Deafheaven were last year’s loudest quiet success story.
Formed by George Clarke [vocals] and Kerry McCoy [guitars/bass] after decamping to San Francisco in 2009, the band signed to Jacob Bannon’s Deathwish Inc in 2010, before releasing their debut record, Roads to Judah, a year later. Merging extended passages of post-rock melodicism with straight-up blasting black metal, Roads… was immediately met with critical acclaim within and beyond the immediate extreme metal scene.
That record, excellent as it was, gave little indication of the scope of its follow-up, this year’s Sunbather. Sunbather was – is – an amazing record, as quietly evocative as it is relentlessly crushing, and certainly one of the most comprehensively realized and refreshing full-lengths of recent years (bolstered in no small part by the drumming of semi-permanent new member Dan Tracy). Preceding its release, hearing the track Dream House for the first time was startling; a confluence of sonic tropes so well melded, so affecting for it, that it felt as exciting as the first time we heard Rites of Spring or, god forbid, Thursday as teenagers. It was black metal, of a definable sort, but at the same time a million miles from it: encompassing, iridescent and without sounding like any particular attention had been paid to the genre’s often rigid confines and stylistic singularities, discarding the ‘traditional’ BM aesthetics of wind-whipped natural expanses, the occult and esoteric cultural asceticism, for something immediate and real. These were creative sentiments reflected to a fuller extent within the album proper, as well as through its stark live iteration.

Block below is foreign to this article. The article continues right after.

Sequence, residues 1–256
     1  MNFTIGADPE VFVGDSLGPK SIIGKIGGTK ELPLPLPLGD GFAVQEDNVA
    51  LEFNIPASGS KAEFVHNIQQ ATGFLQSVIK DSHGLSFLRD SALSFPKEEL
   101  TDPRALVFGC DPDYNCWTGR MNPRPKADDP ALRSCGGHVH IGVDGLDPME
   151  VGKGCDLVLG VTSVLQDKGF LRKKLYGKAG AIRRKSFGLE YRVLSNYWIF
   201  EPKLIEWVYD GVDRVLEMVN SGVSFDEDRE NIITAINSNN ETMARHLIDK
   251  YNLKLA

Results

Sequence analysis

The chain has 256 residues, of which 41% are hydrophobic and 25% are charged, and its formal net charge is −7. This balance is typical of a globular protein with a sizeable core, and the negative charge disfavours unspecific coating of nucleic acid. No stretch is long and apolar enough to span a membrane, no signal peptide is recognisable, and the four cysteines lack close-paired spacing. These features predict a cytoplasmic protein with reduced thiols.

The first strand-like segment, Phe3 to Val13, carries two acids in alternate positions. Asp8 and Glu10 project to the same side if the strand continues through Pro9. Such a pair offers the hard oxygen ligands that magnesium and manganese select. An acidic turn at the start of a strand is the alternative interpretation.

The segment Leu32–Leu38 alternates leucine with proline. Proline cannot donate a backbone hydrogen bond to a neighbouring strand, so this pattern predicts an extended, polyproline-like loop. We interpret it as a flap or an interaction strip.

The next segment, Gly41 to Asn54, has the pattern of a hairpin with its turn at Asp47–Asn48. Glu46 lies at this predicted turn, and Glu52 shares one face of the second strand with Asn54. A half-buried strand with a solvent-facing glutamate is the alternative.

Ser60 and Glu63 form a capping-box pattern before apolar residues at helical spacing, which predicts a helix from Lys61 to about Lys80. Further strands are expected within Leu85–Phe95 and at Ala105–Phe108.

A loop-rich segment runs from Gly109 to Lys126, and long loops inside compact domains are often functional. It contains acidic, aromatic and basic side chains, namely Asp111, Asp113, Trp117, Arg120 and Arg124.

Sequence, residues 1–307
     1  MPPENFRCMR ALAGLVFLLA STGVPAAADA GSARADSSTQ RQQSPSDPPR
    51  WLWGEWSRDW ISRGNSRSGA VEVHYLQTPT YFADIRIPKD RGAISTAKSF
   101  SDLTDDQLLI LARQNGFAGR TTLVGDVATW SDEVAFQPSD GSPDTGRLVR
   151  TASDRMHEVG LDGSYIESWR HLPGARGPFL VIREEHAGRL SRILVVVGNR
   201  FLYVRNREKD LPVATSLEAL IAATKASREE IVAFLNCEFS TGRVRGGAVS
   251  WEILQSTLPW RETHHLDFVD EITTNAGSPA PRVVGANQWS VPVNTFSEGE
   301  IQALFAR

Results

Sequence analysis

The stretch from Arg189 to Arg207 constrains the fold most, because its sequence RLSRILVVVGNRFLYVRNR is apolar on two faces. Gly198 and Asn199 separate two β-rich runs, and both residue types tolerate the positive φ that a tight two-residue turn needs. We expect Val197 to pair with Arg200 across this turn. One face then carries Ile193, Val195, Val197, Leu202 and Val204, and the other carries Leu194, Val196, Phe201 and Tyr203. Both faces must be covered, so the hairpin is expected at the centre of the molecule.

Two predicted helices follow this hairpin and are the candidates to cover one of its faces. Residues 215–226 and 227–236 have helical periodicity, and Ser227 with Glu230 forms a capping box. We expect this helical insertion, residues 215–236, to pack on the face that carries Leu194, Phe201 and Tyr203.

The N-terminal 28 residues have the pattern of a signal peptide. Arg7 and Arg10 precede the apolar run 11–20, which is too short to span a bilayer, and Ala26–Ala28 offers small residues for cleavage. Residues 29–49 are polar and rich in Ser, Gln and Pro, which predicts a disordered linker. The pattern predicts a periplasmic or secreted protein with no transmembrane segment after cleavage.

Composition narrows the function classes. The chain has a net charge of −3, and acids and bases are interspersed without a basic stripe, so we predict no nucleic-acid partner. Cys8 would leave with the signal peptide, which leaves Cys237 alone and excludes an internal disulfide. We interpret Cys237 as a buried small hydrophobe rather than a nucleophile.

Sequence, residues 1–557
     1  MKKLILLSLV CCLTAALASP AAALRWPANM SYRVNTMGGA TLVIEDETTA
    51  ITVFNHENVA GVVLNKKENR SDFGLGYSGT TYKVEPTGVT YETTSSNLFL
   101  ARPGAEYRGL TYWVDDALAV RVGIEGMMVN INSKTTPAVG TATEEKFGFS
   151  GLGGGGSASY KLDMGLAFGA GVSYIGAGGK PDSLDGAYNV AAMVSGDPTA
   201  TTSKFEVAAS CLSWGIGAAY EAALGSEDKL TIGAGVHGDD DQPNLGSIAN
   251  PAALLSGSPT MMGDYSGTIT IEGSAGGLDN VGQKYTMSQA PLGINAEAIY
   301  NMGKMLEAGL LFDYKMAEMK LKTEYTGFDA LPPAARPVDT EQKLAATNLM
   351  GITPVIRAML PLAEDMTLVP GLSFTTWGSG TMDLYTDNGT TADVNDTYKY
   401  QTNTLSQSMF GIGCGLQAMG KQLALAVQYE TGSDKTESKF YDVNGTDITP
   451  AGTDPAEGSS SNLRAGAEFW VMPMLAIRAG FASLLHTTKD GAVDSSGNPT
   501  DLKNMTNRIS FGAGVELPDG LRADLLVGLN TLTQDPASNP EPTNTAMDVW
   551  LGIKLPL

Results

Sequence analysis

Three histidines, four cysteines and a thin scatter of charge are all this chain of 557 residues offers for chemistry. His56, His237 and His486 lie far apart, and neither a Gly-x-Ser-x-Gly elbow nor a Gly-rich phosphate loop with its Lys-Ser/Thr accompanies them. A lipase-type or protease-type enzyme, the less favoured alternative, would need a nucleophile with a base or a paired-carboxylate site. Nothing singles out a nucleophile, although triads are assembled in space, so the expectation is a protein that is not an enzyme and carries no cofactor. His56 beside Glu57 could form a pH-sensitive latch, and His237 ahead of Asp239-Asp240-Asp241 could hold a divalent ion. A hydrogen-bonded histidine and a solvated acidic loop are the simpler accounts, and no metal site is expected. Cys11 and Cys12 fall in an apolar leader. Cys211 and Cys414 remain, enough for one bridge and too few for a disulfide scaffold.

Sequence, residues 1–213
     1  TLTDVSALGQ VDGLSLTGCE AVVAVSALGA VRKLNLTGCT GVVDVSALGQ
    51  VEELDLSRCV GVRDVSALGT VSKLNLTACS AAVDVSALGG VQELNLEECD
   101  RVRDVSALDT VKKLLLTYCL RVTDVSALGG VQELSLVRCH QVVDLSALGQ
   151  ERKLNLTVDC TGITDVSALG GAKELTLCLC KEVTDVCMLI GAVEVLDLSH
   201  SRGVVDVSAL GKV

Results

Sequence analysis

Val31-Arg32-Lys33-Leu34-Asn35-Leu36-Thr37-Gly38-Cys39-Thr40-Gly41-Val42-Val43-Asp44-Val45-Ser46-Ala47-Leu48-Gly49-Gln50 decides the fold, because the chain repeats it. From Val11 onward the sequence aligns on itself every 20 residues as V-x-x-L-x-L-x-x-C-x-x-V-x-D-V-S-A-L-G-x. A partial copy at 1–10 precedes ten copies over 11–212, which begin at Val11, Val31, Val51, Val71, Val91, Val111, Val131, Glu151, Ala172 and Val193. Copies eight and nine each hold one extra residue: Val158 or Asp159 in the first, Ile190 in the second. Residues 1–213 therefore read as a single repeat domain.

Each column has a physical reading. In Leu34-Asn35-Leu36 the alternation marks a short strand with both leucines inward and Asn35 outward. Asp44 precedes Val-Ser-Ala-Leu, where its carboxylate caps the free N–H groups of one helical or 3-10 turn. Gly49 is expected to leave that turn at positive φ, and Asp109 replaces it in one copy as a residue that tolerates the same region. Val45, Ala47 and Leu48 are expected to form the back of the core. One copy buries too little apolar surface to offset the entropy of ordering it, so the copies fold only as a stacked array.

Speaking to Crack before their second sold-out show at Dalston’s Birthdays in the space of two weeks, it quickly becomes clear how determinedly set apart from black metal’s central KVLT pathways McCoy and Clarke are, and just how driven by notions of an artistic and personal honesty over limiting and contrived insular self-definition their output is.